It has been an intense week for theater– all of it worthy and wildly different!

Launch_22Check out THE LAUNCH PRIZE a terrifically engaging new play presented by MJ Halberstadt and produced by Bridge Rep. The situation is as timely as it is provocative. Four arts students are vying for the big, year-end academic prize which will launch their careers. As they are mounting their final exhibits, the envelope announcing the winner arrives and they speculate on who will win and why. One student happens to be African-American, one student is white, one is half mexican, another is Chinese and the offspring of immigrant parents. There are two women, two men, and their conversation opens up a Pandora’s box of issues: race, gender, prejudice, hidden assumptions about identity, and how to navigate the current PC geography. It’s all examined from a prism of angles depending on who wins the prize! The play comes up with an ingenious device for doing this which I did not see coming, and flips the whole thing on its head again in the last few moments. Well staged and directed and convincingly played by Katharine Chen Lerner, Bari Robinson, Angela K. Thomas, and John Tracey. See it and knock yourself out discussing over drinks immediately after. Through March 20 at the intimate Deane Hall at the BCA’s Calderwood Pavilion.

Bootycandy_bite_red_wallThen head over to SpeakEasy Stage and check out BOOTY CANDY and bring the smelling salts. We’re talking Full Frontal Nudity, “MATURE” themes involving crude references and frank sex talk among parents and kids, gay lovers, grannies and girlfriends, preachers, pedophiles, muggers and strangers. I had no idea what “booty candy” was (all right, I had some idea) but the eponymous phrase is baldly defined in the very first in this series of vignettes-turned-play based on playwright Robert O’Hara’s growing up black, gay and gifted in Cincinnati. I was ready for something uproarious, but not for something as emotionally raw and revealing as this puzzle of coming of age incidents, nimbly directed by Summer L.Williams.

This first rate ensemble is mostly marvelous in multiple roles, among them: Johnny Lee Davenport as a fiery preacher who knows how to enflame a congregation, Jackie Davis as a lesbian named  “Genitalia,” Tiffany Nichole Greene as her bitchy “ex” named “Intifada,” Maurice Emmanuel Parent exceptional as the autobiographical subject Sutter holding this piece together at every age, and finally the achingly affecting John Kuntz in all his splendor as we’ve never seen him before. One quibble: almost every scene would work better if it were shorter; there would still be more than enough candy to go around. See BOOTY CANDY at the BCA’s Calderwood Pavilion through April 9th!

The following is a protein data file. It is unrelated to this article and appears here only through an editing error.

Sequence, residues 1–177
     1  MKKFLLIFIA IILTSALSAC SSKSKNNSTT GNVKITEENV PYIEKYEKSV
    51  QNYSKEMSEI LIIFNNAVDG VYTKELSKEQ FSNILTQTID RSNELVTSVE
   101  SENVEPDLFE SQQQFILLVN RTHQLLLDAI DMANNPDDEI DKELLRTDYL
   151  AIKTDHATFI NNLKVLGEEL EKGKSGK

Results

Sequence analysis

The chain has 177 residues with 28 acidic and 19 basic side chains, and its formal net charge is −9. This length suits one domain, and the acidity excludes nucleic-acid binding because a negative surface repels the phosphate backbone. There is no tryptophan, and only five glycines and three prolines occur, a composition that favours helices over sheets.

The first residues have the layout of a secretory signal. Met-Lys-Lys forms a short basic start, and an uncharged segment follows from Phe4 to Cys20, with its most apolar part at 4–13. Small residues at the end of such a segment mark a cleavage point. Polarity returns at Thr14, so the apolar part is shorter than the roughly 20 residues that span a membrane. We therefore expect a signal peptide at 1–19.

Finally there’s the production I’m still rightfully scratching my head over having been knocked into unconsciousness by it onstage at ArtsEmerson’s Paramount: A BECKETT TRILOGY:NOT I/FOOTFALLS/ROCKABY and its acclaimed performance by Lisa Dwan.  Just in time for St.Patrick’s Day, the Irish playwright finds expression in a totally blacked out theater–I’m talking NO EXIT (!) signs. The performance begins with a small, fleshy, disembodied, brogue-spewing gob stage right.  The actress is unseen but for her mouth, the weight of her fully behind the words however, as she pushes them out at what Dwan calls “the speed of thought.” Advice– read the text before you go and you will catch an outline: an old woman mute, perhaps illegitimate, born before her time, suddenly finds her voice one April day in a field and can barely believe it is hers. Beckett’s verbiage comes right for us, non-stop, rat-tat-tat staccato phrases circling back on themselves, spiraling toward our comprehension as we float in the void.  I didn’t know who I was or what to think. So I didn’t. It ended.

3 minutes more of silent blackness, then the second piece: FOOTFALLS. A beautiful pale female spectre in a long white gown materializes in a shaft of light and paces slowly, deliberately, back and forth, stopping to a speak to another– her mother? Dying? She is unseen. They converse; at one point the younger speaks in the voice of the older. Are they the same? Is one the dream of the other? It is haunting and deeply sad. 

3 minutes more of silent darkness and then a woman appears out of the black, rocking back and forth in a chair, which may be moving on its own, relentlessly, evenly, echoing the pacing of the previous piece, as she beats down the minutes to her death in the succinctly named ROCKABY.  The woman is glistening in the dark, rocking toward the inevitable. Is she soothing herself? Us? A woman’s voice– her own? speaks while the rocking woman rocks and stops, and seems to float, and there is a momentum within the stillness and we are still in the darkness with her. I was mesmerized. Not thinking.

I was stunned by the physical/technical discipline required to fulfill Beckett’s daunting stage directions. Dwan has been trained by Beckett’s go-to interpreter, the late English actress Billie Whitelaw.  See this Trilogy and have the experience. And don’t be that moron sitting behind me who didn’t turn off his phone (despite 5 reminders from the stage) and ruptured the silence. 55 minutes no intermission. At the conclusion, the actress’s spritely bows were like bubbles popping from some tightly corked elixir. Only through March 20th.